I think my ex lied about their finances during our divorce, what can I do? @TWMSolicitors #divorce
21st October 2015
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The recent Supreme Court judgments in the cases of Gohil and Sharland made it clear that courts will not tolerate people lying about their financial position when dealing with finances related to their divorce.  The media reported the possibility of divorce settlements being re-opened up and down the land, but I'm not sure about that.  If you are divorced and a few years later your ex-husband or ex-wife’s financial position seems much better than you would have expected, what can you do? To start with, you do need to have some evidence of your ex-spouse’s current position rather than just a feeling that they have not told the truth.  

At TWM, we regularly advise individuals who have found out something about their ex-husband or ex-wife’s financial position that they were not aware of at the time of the divorce or who are looking to vary maintenance upwards or downwards due to a change in circumstances.  In these scenarios it is often really useful to spend some time with a family solicitor to explore whether it is worth taking any further action.  Ahead of any such discussions, if you think that your ex-spouse has not told the truth, you will need to get together the following information: 

1. A copy of the order or consent order setting out the financial settlement.  If you do not have this you could get it from your previous solicitors or it can be obtained from the court. 

2. Financial information from the time of the divorce.  If you entered into a consent order you and your ex-spouse will each have signed a statement of information about your financial position at that time.  This is a crucial piece of evidence as it sets out what each of you represented your positions to be at the time.  Again, if you do not have this document, your previous solicitors will be the best place to start.  Solicitors generally keep their files for seven to ten years.  If your divorce was dealt with more than ten years ago, your file may well have been destroyed.  Unfortunately, the court is unlikely to have a copy of a statement of information for a consent order for a matter this old.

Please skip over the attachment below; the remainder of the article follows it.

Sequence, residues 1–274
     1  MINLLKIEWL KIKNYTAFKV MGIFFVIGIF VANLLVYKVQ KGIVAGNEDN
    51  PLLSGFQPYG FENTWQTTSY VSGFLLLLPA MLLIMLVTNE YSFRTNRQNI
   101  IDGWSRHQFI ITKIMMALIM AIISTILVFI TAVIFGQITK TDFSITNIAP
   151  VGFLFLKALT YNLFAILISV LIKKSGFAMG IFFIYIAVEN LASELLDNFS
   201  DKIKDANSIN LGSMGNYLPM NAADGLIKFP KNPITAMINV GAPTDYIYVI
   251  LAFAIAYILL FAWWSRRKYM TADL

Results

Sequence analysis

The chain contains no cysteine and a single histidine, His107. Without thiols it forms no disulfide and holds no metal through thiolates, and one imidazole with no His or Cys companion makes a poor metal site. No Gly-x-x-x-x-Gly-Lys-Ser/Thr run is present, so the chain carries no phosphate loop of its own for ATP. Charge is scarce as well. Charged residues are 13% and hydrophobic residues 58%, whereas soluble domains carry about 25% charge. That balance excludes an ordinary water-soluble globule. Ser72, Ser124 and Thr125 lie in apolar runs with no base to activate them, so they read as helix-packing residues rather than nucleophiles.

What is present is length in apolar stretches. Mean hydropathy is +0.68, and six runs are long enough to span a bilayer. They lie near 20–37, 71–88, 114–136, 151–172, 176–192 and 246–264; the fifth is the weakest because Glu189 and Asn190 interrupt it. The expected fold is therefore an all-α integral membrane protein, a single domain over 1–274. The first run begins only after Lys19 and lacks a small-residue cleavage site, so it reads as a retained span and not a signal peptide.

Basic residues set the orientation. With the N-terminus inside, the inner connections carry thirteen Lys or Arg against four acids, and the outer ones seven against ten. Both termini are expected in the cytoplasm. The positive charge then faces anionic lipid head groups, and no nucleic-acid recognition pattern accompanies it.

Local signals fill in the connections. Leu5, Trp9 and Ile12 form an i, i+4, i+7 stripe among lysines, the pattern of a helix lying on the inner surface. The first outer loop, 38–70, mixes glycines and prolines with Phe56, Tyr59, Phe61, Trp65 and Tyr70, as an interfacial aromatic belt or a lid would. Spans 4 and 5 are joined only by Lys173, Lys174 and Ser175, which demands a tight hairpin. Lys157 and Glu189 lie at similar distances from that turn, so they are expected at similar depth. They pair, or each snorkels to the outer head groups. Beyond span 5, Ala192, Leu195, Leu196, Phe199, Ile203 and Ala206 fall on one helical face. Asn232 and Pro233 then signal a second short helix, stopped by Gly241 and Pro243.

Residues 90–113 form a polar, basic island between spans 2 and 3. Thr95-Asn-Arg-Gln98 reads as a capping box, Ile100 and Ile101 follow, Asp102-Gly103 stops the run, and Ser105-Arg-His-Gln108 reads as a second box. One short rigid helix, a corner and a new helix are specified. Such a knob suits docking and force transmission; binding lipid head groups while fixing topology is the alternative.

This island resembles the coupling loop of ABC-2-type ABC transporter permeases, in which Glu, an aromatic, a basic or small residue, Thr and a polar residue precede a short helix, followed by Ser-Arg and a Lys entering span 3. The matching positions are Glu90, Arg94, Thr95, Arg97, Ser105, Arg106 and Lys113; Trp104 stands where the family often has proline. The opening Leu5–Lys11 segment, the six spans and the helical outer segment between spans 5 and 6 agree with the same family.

3. Some evidence of your ex-husband or ex-wife’s alleged wrongdoing.  If they specifically denied having a particular asset is there now some evidence of them owning it?  If they said that their shares in a company had no value, can you can show that the company has recently been sold for a significant sum?  If they said that they were not working but you believe they are, can you find a Linkedin profile or something similar showing that they are working and have been working throughout? 

The critical point to prove is whether it seems that your ex-husband or ex-wife lied or misrepresented their financial position, or whether their position has simply improved since you reached agreement or an order was imposed on you. We would need to investigate whether you had full and frank financial disclosure from your ex-spouse or whether you had decided not to pursue this.

With increases in values of properties or companies, it can sometimes be difficult to determine whether the asset has just grown in value since the date of the settlement with the person having told the truth previously, or whether there was some information that was known at the time that was not disclosed.

If you are dealing with your divorce now, this case underlines the need to ensure you do give full information to avoid being accused of misrepresentation and risking having your case reopened in future. 

If it seems that your ex has lied, it may be possible for a previous order to be set aside.  If it seems you would be unlikely to succeed in this kind of application it may be a case where a variation of maintenance may be appropriate or it may be what is known as “Barder” event where a value is so significantly different from what was expected (even genuinely) at the time of settlement, that it is appropriate to re-open the financial agreement.  It is much more difficult to re-open an agreement on this basis than on the basis of someone having lied, because of taking into account natural market fluctuations. 

We are always happy to offer an hour or two’s advice to help put your mind at rest as to whether it would be appropriate to revisit your order in any way.  

Contact Lindsey Alexander in our Epsom office on 01372 729555 or email: lindsey.alexander@twmsolicitors.com




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